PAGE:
This 11-year-old was bullied for her skin color. She launched a company to fight racism.

When she was in first grade, Kheris Rogers asked if she could spend some extra time in the bathtub.

After kids at school had bullied her for her complexion, Kheris believed soaking in water might lighten her dark skin.

Rogers was one of only four black kids in her Los Angeles classroom. When speaking with CNBC about her experience, she remembered that once her teacher had given her a black crayon to draw a self-portrait. All the other black students, she recalled, were given brown ones.


Even a move to a new school didn't help. As she progressed through the next few grades, Rogers found herself the victim of colorism — other black children made fun of her for being darker than them.

So Rogers' older sister, Taylor Pollard, decided to do something about it.

To make her younger sister feel proud, fierce, and confident, 23-year-old Pollard posted a picture of Kheris with a saying that their grandma used to make them feel proud of their color: "Flexin' in my complexion."

The response was overwhelming. Pollard's original tweet (before it was accidentally deleted) received over 100,000 likes, and she received emails of praise.

The feedback inspired Kheris, and with Pollard's help, the two started a clothing company to celebrate all complexions.

With $100 from their mom, a website they cobbled together using online instructions, and some help with screen-printing, they started fighting racism with a line of awesome T-shirts that featured their grandma's saying in bold type (among other items).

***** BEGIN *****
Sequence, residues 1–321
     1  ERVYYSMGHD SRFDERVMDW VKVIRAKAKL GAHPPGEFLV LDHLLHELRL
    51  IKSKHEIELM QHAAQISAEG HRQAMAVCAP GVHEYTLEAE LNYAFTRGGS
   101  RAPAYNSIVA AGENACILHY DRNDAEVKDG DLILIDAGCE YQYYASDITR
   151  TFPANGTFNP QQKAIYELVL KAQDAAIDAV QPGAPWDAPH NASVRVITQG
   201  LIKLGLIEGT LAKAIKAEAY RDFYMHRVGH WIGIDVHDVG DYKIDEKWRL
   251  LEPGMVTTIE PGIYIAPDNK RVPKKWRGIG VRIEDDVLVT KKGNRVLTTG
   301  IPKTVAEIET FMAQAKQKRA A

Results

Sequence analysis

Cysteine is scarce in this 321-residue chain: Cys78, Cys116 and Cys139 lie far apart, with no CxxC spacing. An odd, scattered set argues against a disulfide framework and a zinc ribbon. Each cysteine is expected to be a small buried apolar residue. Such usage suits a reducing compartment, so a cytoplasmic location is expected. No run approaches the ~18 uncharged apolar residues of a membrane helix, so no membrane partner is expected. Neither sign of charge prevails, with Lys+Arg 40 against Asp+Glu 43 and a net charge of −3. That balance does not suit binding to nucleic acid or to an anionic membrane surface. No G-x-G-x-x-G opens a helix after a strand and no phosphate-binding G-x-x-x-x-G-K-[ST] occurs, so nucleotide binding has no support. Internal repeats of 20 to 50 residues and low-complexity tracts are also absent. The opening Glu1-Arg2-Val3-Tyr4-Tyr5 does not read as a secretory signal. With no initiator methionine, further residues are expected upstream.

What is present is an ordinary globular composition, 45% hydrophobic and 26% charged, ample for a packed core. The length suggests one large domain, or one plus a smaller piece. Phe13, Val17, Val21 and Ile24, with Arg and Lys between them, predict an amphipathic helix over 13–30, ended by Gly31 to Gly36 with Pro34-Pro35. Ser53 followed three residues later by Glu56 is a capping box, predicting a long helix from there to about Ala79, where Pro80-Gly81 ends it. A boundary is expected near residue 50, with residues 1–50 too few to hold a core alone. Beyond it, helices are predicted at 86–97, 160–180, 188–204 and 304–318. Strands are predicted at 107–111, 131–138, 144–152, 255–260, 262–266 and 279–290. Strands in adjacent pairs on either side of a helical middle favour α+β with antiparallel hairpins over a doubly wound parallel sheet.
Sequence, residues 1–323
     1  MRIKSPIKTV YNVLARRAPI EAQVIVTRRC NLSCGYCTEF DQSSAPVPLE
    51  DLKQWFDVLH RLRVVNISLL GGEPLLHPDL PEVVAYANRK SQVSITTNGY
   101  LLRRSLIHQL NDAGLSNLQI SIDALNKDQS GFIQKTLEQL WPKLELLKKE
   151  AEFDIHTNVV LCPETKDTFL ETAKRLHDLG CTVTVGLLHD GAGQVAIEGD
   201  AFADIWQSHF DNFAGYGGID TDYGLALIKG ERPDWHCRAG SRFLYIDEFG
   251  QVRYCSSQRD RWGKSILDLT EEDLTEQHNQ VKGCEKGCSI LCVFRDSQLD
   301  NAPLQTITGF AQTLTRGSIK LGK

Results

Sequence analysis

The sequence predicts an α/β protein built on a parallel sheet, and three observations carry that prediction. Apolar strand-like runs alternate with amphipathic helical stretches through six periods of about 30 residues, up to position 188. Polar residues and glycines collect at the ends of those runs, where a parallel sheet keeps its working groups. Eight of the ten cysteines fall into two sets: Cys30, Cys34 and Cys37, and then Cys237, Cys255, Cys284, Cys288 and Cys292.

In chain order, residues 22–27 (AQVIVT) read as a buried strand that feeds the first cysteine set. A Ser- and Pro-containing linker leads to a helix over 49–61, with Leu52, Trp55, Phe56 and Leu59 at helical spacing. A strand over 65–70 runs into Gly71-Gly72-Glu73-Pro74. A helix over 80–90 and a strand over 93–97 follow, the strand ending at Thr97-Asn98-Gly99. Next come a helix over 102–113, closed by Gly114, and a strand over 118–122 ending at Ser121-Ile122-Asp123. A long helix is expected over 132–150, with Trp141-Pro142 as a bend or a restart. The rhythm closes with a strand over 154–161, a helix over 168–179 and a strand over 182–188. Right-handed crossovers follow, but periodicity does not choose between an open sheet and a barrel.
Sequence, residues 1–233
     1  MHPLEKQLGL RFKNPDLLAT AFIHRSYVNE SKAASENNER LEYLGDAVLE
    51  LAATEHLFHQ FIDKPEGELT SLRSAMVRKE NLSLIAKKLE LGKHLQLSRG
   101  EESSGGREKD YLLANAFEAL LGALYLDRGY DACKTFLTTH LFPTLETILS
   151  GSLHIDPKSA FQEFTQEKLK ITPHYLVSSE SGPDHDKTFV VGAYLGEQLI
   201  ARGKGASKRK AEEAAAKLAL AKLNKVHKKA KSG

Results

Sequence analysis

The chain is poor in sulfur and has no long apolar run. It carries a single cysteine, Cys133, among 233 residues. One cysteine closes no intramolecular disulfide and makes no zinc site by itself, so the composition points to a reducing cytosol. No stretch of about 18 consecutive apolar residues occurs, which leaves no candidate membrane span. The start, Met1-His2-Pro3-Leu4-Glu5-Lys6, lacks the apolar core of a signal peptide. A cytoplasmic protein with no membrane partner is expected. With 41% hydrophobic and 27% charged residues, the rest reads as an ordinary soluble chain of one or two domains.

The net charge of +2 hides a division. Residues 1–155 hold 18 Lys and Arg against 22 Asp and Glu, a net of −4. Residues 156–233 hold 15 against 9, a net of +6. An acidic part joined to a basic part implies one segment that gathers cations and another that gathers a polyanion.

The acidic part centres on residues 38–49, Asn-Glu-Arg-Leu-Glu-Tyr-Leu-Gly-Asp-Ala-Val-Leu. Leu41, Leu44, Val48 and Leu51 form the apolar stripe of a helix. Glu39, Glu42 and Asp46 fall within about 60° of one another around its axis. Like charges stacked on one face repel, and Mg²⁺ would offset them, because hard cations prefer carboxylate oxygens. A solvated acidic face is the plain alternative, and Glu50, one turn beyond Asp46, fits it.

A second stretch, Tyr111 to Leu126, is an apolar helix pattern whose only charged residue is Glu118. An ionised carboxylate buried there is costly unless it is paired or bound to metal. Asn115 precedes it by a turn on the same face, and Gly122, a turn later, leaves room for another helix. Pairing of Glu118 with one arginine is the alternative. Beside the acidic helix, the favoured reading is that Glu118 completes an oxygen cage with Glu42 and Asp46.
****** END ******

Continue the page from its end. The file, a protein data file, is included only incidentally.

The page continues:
At 10 (she recently turned 11), Kheris had become the owner of her own business.

And celebrities including Lena Waithe and Lupita Nyong'o are proudly sporting her clothes left and right.

Kheris transformed her experience into an important inspiration for change.

Historically, light skin has been positioned as most desirable in our society. And research has found that this has a major effect on kids who aren't caucasian, leading to bias and maltreatment among small children whose complexions are darker than peach crayons.

Rogers' success is a step for progress and a clear reminder that we should all take a hard look at how racism is affecting younger generations, recognize it's an issue that needs to be at the center of the public consciousness, and embolden our youth in fighting to end it.

Of course, we've also got to celebrate Rogers' come-up. She's already an icon.

True

This year more than ever, many families are anticipating an empty dinner table. Shawn Kaplan lived this experience when his father passed away, leaving his mother who struggled to provide food for her two children. Shawn is now a dedicated volunteer and donor with Second Harvest Food Bank in Middle Tennessee and encourages everyone to give back this holiday season with Amazon.

Watch the full story: